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Thursday, June 24, 2010

Audio Defibrillator for the Blind

by Jasper Hamill

She’s already shown Scotland that blindness is no barrier to becoming a successful DJ …

But now Jill Daley has proved the visually impaired can become life-savers as well.

The 33-year-old radio presenter has been learning how to use techniques to help resuscitate people who are suffering heart attacks.

Staff at Clydebank’s Golden Jubilee hospital demonstrated that defibrillation units, used to treat heart problems by giving electrical shocks, can be used easily by blind people.

The machines come with written instructions but also have technology which gives audio instructions, meaning a blind person could use one in an emergency.

Jill, who also learned CPR, which is used on heart attack victims, said: “I didn’t have a clue about CPR or defibrillation machines before this.

“Now, if someone collapsed, immediately after complaining of chest pains, I would now know precisely what to do.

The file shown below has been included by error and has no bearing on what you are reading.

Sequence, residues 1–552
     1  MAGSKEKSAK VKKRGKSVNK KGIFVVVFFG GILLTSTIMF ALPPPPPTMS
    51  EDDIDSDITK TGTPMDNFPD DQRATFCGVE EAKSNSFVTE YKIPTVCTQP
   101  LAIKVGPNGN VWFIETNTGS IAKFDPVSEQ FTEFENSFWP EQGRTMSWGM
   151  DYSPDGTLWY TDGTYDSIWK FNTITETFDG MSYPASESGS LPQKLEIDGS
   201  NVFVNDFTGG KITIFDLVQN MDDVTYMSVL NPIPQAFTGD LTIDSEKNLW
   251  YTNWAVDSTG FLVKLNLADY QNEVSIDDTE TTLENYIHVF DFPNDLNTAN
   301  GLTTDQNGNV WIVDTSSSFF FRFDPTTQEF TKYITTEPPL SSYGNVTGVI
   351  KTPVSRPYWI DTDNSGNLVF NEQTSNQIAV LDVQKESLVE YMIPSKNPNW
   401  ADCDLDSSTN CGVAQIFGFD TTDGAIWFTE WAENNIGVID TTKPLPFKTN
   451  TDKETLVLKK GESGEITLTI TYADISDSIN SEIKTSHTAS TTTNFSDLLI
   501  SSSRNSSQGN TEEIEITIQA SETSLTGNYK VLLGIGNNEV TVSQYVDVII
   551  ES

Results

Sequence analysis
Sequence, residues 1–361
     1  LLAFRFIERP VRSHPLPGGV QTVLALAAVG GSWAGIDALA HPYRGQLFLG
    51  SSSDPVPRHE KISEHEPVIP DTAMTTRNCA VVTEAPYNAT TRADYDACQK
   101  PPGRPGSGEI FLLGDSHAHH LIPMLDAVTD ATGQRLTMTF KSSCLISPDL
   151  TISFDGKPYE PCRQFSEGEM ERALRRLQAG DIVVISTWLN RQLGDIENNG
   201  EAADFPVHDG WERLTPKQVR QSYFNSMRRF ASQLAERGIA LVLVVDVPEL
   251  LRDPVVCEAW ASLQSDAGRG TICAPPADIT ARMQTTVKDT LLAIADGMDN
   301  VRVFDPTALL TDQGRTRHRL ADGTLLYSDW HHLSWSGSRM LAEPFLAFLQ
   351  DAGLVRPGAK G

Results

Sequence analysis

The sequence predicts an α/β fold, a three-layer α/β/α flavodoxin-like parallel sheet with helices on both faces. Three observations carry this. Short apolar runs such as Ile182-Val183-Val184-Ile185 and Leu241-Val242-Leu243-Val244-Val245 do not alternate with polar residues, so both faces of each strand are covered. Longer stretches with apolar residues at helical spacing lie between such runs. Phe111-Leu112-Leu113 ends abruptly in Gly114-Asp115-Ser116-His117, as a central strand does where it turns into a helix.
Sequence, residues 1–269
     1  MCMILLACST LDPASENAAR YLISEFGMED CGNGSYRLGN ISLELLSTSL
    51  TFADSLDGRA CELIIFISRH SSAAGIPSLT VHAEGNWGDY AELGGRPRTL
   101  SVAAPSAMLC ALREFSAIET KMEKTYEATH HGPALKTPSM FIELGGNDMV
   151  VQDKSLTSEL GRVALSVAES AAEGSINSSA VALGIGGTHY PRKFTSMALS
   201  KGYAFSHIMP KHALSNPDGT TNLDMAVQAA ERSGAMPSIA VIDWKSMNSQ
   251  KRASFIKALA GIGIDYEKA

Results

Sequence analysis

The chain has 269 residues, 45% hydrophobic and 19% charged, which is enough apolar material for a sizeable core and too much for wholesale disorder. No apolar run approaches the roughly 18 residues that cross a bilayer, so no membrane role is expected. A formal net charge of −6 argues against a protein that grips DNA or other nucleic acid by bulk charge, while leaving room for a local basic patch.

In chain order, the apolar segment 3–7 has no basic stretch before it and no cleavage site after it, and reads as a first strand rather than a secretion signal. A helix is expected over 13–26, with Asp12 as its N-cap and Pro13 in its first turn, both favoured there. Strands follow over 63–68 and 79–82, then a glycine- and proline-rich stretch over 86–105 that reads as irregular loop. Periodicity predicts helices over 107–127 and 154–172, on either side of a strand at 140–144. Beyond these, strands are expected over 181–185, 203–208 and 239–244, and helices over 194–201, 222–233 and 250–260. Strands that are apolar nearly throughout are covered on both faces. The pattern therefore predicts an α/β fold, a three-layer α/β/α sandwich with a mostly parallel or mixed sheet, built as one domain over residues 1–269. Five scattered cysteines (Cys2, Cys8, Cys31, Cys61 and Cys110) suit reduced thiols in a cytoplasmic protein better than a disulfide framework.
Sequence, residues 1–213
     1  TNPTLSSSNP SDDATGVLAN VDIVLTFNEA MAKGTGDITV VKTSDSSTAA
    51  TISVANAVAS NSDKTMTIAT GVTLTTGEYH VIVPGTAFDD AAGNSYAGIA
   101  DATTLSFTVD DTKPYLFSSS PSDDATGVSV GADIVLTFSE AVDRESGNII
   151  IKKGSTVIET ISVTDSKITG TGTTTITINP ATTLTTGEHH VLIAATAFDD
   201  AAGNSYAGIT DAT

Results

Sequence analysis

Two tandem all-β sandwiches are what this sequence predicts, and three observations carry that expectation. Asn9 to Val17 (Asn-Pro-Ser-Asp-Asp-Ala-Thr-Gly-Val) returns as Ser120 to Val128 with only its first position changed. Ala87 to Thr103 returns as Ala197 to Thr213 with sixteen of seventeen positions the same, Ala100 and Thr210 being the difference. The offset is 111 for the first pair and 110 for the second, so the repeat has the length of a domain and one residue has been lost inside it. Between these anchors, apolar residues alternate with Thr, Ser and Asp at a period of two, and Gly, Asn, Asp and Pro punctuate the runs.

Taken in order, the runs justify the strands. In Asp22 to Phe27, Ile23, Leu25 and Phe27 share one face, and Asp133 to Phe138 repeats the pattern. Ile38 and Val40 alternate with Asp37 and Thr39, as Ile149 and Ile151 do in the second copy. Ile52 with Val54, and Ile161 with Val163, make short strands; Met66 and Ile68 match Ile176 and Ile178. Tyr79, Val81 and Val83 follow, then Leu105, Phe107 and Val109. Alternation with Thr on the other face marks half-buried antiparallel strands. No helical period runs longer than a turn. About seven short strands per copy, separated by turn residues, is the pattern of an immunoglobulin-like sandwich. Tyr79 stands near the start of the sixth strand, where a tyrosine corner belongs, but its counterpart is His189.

“These skills are important not just for blind people, but for everybody.”

She added: “I now know what to do if someone is having a heart attack and I also know that a blind person can use a defibrillation machine in, say, a shopping centre or suchlike.”

Defibrillation machines are kept in public areas in case of heart attacks.

Jill was taught at the Golden Jubilee Hospital, Clydebank by Calum Cassidy, a resuscitation officer, and cardiology nurse Joanne Kelly.

As a visually impaired person, Jill claimed she might notice vital signs in a patient.

She said: “I would notice little things that others might not. So I would be able to check someone’s breathing by the feel of their chest going up and down or by feeling their breath on my face. “It showed me there are no reasons why someone with visual impairment couldn’t do a CPR course and save someone’s life.”

She did the course as part of the Fun Friday section on her radio show on Insight Radio, a charity station staffed by blind and visually impaired people.

Her previous challenges have included driving a tank, fire-breathing and helicopter flying.

Jill lost her sight at 19 as a result of diabetes but has forged a successful career in radio.

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Article Source:
Evening Times

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